Resident of Central City RedWhiteAndBlueSupes's Avatar
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    Quote Originally Posted by JAK View Post
    In my avatar (which is me, in case anyone's wondering) the emblem is taken from Superman #78 (the Cyborg Superman cover) because I specifically wanted a Jurgens/Breeding emblem for the suit.
    LOL nice, who says details don't matter right? I also have a fondness for that era of \S/


    I still wonder about the year that Superman's wedding became Superman's funeral. I'd love to see what the original timeline was going to be before WB made them change it due to the "Lois & Clark" tv show.
    [/QUOTE]
    oh yeah, more tv synergy....uggghh

    Maybe somewhat biased as a 90s kid, but I LOVED the Triangle era, and really the height of the 1986-2006 Superman for me.
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  7. #7
    Notorious M.O.S. Kuwagaton's Avatar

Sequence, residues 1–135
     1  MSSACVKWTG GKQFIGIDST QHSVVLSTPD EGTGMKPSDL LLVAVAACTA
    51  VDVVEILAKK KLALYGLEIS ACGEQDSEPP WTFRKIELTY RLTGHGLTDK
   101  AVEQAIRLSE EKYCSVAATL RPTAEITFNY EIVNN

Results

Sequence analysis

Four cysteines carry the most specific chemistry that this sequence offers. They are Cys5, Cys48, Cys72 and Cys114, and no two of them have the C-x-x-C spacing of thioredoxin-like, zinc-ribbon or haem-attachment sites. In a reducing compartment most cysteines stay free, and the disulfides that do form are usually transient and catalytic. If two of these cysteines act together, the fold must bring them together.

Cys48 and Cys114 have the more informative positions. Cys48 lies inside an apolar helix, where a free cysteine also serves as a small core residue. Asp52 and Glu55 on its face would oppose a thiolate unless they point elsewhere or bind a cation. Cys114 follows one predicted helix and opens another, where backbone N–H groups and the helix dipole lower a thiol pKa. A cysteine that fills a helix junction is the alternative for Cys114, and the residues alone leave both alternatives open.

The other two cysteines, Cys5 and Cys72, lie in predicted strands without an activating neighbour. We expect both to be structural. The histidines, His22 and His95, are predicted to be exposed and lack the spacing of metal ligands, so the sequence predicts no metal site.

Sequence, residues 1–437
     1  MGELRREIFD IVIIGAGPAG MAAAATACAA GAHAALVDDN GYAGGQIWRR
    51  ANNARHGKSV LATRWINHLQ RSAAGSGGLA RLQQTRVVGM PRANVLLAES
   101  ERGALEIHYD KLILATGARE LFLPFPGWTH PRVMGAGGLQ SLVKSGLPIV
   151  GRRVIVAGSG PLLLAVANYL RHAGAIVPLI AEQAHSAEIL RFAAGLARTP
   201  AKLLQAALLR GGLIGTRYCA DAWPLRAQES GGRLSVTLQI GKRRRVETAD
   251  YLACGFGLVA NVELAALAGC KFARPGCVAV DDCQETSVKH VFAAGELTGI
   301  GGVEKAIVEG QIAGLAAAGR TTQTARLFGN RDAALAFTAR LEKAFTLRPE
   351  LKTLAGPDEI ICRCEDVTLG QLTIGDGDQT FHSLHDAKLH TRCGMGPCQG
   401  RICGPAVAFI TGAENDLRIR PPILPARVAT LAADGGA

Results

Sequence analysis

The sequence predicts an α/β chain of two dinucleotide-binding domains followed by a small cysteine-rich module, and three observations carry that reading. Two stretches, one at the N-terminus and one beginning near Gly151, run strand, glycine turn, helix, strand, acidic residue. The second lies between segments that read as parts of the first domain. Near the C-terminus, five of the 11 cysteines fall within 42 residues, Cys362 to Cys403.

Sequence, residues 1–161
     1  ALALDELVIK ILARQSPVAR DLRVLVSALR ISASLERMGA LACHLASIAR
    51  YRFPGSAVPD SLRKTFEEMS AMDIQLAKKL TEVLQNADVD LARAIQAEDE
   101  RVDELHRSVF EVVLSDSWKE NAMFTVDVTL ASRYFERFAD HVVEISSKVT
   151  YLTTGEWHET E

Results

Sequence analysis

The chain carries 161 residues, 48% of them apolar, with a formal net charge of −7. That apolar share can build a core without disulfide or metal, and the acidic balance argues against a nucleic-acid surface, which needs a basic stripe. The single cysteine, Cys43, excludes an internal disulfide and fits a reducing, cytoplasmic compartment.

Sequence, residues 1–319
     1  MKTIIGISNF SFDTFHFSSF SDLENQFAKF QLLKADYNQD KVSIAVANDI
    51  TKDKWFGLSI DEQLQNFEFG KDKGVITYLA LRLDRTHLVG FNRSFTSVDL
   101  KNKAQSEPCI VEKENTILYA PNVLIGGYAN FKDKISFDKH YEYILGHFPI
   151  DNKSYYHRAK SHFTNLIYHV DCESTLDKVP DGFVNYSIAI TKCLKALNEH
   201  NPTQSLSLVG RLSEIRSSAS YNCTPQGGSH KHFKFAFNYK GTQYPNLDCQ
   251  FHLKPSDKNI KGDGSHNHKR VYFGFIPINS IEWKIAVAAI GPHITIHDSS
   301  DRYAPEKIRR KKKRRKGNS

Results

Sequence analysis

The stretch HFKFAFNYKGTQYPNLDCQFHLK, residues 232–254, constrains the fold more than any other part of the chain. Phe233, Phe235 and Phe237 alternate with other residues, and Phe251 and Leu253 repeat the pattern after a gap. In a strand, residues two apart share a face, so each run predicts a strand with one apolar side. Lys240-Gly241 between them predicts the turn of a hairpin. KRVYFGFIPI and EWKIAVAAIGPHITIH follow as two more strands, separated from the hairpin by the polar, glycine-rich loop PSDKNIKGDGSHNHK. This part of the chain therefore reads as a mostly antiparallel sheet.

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    Thanks, JAK, for that video. Weezy was really ultra cool, she had the best corner of Metropolis and a great collaborator for 80 issues. Of course, they were all collaborators. I was always so thankful that all of those people, with few exceptions, stayed on the same page with things. It made a huge task of coordinating titles into a regular thing. It was so nice to hear her insight.

    That's also really cool on your costume. I would never have been that good with details.

    Although there is no one era I like most, most of what I like probably comes from 1987-2001. A few years back I started a project of reading all post crisis, and while I did read stories out of order and have a spotty collection between 1995-1997, it was quite the adventure. There are so many crazy little folds and references. Jurgens, Stern, and Ordway did tons of subtle humor. I think Post Crisis Superman is the equivalent of what the Simpsons were for animated comedy during the same years.

  8. #8
    (formerly "Superman") JAK's Avatar